Clinical and Research News
Mood, Anxiety Disorders Often Independent of Substance Abuse
Psychiatric News
Volume 39 Number 21 page 40-42

About 20 percent of the 19.4 million American adults with a substance use disorder meet diagnostic criteria for at least one type of mood disorder, and about 18 percent of this group also meet criteria for an anxiety disorder.

A significant proportion of those diagnosed with a mood or anxiety disorder also turn out to have a substance use disorder, according to data from the 2001-02 National Epidemiologic Survey on Alcohol and Related Conditions (NESARC), which was conducted by the National Institute on Alcohol Abuse and Alcoholism (NIAAA).

The data from the survey appeared in the August Archives of General Psychiatry.

Of the 19.3 million adults estimated to have a mood disorder, almost 20 percent had a substance use disorder as well, and of the 23 million adults estimated to have an anxiety disorder, almost 15 percent had a substance use disorder.

"These results highlight the need for all individuals in treatment to be fully assessed for the presence or absence of a range of psychiatric disorder," the authors stated.

Primary investigator Bridget Grant, Ph.D., used the NIAAA Alcohol Use Disorder and Associated Disabilities Interview Schedule—DSM-IV Version to detect drug and alcohol abuse and dependence, major depression, dysthymia, mania, hypomania, panic disorder with and without agoraphobia, social phobia, specific phobia, and generalized anxiety disorder.

Grant is chief of the Laboratory of Epidemiology and Biometry in NIAAA's Division of Intramural Clinical and Biological Research.

The sample used for the 2001-02 NESARC was based on the sampling frame of the U.S. Census 2000/2001 Supplemental Survey.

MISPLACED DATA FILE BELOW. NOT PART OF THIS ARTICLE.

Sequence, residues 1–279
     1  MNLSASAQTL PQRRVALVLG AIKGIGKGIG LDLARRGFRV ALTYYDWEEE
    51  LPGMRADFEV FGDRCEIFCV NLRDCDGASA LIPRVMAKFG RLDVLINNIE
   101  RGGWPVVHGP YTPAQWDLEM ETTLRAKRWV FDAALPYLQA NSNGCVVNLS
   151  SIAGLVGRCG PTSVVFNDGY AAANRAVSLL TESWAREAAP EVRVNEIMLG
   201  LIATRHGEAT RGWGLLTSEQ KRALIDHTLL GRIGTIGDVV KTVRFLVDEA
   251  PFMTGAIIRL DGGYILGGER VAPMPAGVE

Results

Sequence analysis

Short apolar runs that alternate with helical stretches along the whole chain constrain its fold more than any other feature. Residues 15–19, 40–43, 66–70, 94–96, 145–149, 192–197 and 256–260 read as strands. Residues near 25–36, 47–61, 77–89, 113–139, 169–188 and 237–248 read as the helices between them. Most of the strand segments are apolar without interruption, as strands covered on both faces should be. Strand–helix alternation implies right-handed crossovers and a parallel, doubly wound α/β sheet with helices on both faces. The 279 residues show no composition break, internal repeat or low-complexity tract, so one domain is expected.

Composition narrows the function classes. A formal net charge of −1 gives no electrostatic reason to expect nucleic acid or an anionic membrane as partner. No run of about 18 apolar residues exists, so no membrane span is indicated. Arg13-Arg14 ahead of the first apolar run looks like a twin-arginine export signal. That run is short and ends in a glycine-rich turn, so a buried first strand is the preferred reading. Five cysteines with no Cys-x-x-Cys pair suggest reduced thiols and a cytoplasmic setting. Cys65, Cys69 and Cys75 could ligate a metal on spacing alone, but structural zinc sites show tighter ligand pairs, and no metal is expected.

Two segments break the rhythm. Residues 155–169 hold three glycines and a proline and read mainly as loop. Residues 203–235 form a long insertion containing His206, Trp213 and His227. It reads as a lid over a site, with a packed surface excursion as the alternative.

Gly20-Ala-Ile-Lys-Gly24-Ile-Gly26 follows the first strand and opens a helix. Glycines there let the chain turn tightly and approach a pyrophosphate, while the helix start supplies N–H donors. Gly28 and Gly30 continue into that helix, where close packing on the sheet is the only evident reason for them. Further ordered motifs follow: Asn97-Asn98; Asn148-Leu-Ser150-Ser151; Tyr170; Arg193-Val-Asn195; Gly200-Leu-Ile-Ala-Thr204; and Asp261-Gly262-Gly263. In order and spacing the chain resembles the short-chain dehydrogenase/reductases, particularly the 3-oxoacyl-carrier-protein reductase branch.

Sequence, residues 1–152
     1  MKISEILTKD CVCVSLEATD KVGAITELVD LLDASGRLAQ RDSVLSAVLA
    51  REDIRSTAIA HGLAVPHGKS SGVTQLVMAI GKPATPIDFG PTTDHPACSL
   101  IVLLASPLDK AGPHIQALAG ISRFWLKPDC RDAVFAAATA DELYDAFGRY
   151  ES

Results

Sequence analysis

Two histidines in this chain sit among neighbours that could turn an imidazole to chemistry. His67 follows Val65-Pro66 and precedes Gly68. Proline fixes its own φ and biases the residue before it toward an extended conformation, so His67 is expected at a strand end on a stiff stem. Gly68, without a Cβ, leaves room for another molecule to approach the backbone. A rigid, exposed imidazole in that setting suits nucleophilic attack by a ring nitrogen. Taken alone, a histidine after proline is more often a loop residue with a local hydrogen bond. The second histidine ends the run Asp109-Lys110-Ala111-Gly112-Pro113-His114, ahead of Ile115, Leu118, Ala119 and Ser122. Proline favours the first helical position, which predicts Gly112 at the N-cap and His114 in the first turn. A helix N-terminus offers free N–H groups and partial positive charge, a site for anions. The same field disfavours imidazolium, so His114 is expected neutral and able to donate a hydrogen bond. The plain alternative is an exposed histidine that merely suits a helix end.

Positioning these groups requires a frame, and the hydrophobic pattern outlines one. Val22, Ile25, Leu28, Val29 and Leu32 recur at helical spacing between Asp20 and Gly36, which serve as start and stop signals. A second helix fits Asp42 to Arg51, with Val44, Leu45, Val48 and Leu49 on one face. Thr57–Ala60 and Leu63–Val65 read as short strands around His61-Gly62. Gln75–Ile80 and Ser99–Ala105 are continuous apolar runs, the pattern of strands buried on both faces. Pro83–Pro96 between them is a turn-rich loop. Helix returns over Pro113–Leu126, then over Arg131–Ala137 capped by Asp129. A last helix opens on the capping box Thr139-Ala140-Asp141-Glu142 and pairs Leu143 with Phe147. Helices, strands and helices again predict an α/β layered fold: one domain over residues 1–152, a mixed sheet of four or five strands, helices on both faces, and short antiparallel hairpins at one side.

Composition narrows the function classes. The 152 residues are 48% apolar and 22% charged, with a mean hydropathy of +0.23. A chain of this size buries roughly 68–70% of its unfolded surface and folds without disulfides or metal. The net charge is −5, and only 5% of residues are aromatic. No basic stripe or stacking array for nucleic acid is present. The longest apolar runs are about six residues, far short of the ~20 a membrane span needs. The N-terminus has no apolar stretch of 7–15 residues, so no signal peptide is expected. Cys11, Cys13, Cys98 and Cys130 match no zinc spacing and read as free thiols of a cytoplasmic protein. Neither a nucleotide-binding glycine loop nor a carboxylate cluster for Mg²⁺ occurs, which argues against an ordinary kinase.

Approximately 1,800 lay interviewers with the U.S. Census Bureau administered the NIAAA Alcohol Use Disorder and Associated Disabilities Interview Schedule-DSM-IV Version to 43,093 adults aged 18 and older to assess the prevalence and co-morbidity of a number of mental illnesses.

Respondents also answered questions about whether they received treatment during the preceding year for drug and/or alcohol abuse or dependence, as well as for a mood or anxiety disorder.

Grant assessed whether respondents met criteria for independent or substance-induced mood and anxiety disorders during the year prior to the interview.

Respondents were classified as having an independent mood or anxiety disorder if none or only some of the episodes were induced by drugs or alcohol. They were classified as having a substance-induced disorder if all episodes of mood and anxiety were induced by drugs or alcohol over the prior year.

These were among the findings:

"We found a high prevalence of alcohol and drug use disorders among people who went to seek treatment for a mood or anxiety disorder and vice versa," Grant told Psychiatric News.

She pointed out that a large majority of those disorders are independent." In the clinical literature, the general consensus in the past was that for those who were alcohol or drug dependent, nearly 60 percent of all mood and anxiety disorders, particularly mood disorders, were substance induced," she said.

"However, we found a very small percentage of people who have substance-induced disorders—most of them are independent or what the DSM calls primary."

Grant pointed out that when clinicians falsely assumed that mood or anxiety disorders were substance induced, patients would not receive treatment for their mood or anxiety disorder because it was believed that once the drinking or drug abuse stopped, the disorder would vanish.

The NESARC findings indicate that mood and anxiety disorders should be more thoroughly addressed by substance abuse treatment specialists, and substance use disorders better addressed by mental health and primary care clinicians, she said.

An abstract of the study, "Prevalence and Co-occurrence of Substance Use Disorders and Independent Mood and Anxiety Disorders" is posted online at<http://archpsyc.ama-assn.org/cgi/content/abstract/61/8/807>.

Arch Gen Psychiatry200461807

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